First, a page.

Religion, Guilt And The Jewish Condition

Through the years, I’ve grown reluctant to divulge my rabbinic identity to those whom I meet on vacation, or in a purely social context far away from work.

It’s not that I’m embarrassed. God forbid (as it were). It’s just that when non-Jews learn that I’m a rabbi, it tends to stilt the conversation. They often feel that they have to be unusually respectful, or careful, lest they say something inappropriate. I appreciate the thought, but it doesn’t make for a great conversation. I actually enjoy speaking with people who relate to me as I am, without the a priori assumptions that so often characterize how people imagine rabbis to be.

And then there are the Jewish reactions, falling most often into one of two categories. The first is what I would call the confessional mode. People whom I don’t really know well at all, maybe even have just met, feel constrained to confess to me their lapsed Jewish practice. “I’m embarrassed to say this, but I don’t attend synagogue as often as I should.” Or “I’m embarrassed to admit that I’m a three day a year Jew.” Honestly, it’s not really what I want to be talking about when I meet someone in a social context.

And then there’s the second mode, a kind of pre-emptive strike against what they assume will be my judgment of their practice. “I don’t go to synagogue very often, but that’s because the rabbi is boring, the cantor drones on, and it’s just not something that I enjoy doing.” The underlying implication is that somehow, as a rabbi, I am responsible for the quality of all rabbis and all synagogues, especially theirs. That, I can assure you, is also not a conversation I am at all inclined to be interested in having in a purely social context. In a business context, as a congregational rabbi and an officer of the Rabbinical Assembly, I have those conversations all the time. I have to. But in a social context I’m really much happier talking about other things…

The common thread in these two modes of interaction is guilt. The perceived failure to live up to an externally imposed “proper” standard of Jewish religious commitment generates a feeling of guilt over being less than what one feels, on some deeper level, one should be. That feeling is no doubt reinforced each and every time those people do set foot in a synagogue, and promptly are told by the rabbi that they are deficient. Hence the confession, and also the hostility. I get it. I really do.

Poor guilt; it gets a bad rap. Guilt qua guilt is not a bad thing. A person who feels no guilt is a sociopath, and being able to have a “guilty conscience” when the circumstances warrant it is an essential component of sound mental health. Nazis felt no guilt.

But religion, as I see it, is about so much more than guilt, and the proper practice of Judaism is no exception. Here’s the simple truth. Judaism is a wonderful vehicle for the celebration of life’s blessings, each and every day. The Torah and its commandments, as the rabbis understood them, are our great treasure- not our burden.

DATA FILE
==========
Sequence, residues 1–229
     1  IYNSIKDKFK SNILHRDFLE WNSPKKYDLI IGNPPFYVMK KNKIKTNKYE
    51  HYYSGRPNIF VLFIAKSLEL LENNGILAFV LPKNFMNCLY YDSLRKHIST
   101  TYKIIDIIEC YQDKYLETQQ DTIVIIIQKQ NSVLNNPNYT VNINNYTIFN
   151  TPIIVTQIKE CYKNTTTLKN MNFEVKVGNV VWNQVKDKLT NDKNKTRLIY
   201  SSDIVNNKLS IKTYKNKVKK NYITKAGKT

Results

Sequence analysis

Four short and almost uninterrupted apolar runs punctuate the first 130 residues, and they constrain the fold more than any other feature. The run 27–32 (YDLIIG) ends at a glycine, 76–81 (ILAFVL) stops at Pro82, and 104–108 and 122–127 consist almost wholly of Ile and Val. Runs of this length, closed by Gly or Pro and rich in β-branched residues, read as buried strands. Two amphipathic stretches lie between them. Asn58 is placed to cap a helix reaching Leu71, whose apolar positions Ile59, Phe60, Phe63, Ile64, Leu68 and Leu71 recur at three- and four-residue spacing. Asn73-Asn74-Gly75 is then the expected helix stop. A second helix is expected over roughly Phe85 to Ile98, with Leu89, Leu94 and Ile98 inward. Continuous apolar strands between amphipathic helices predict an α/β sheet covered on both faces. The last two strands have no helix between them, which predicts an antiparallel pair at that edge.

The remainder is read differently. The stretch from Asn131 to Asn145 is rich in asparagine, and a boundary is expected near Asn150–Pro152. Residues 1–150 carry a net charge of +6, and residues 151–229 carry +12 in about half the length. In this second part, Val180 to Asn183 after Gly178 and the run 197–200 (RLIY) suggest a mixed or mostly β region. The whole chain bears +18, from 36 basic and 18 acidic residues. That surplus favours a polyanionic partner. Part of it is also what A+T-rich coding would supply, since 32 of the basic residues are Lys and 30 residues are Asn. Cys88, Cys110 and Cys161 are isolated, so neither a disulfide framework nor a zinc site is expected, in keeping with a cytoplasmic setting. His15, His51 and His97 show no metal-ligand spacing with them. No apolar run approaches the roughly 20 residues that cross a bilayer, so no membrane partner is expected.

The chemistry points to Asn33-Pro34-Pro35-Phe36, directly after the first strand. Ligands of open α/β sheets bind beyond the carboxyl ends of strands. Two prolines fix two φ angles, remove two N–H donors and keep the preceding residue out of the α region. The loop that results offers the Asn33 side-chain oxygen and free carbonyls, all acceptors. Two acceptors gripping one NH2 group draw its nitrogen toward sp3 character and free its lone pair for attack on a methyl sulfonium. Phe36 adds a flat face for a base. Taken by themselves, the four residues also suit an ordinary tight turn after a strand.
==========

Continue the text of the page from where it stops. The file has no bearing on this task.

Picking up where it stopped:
The primary obligation of the religious person is to be grateful. Grateful for what? For everything! Grateful for waking up, for our health, for the ample food we have to eat and the roof over our heads, for the (most often) predictable rules of nature, for our families, our communities, our teachers, our students, for having more than we need, and, of course, for our Torah… grateful for it all, and cognizant of the salient fact that all of these blessings are an expression of God’s love, and not to be taken for granted. All of our rituals — all of our mitzvot —are designed to enhance our sense of God’s loving closeness. We recite blessings- a hundred a day, according to the rabbinic ruling- not to satisfy God’s insatiable need for compliments, but rather to remind us constantly of the need to be grateful…

It’s that simple — and that profound.

I find it so unfortunate that the observance of mitzvot– the commandments on which Judaism is based- is too often used as a vehicle to induce guilt, or as a cudgel with which to make other Jews feel inadequate or wrong. For the believing Jew, the mitzvot are the ticket to a gratifying life. I know that there are powerful forces that try to frame observance as a ticket to both reward and punishment. The Torah itself does that, and much of our traditional liturgy does as well. But every generation needs to interpret those texts until we understand why God wants us to lead a life of Torah and mitzvot. It’s not about being good or bad, or meriting reward or punishment. It’s because God loves us, and wants us to live a gratifying and worthwhile life. Yes, we Jews are allowed to say that God loves us! Judaism is about celebrating the gift of life, and not wasting the blessings that we so take for granted…

To paraphrase an old joke, if Judaism hurts, you’re doing it wrong. If it’s all about obligation that is divorced from gratification — not just God’s gratification, but our own as well — it’s a very inadequate version of Judaism.

And if Judaism is all about confessing, or complaining, or feeling guilty and burdened … there’s no time like the present to realize that it can be so much more. God is waiting for you to celebrate your life!

Rabbi Gerald C. Skolnik is the spiritual leader of The Forest Hills Jewish Center, and Vice President of the Rabbinical Assembly.

About the Author
Rabbi Gerald C. Skolnik is the Rabbi Emeritus of the Forest Hills Jewish Center in Queens.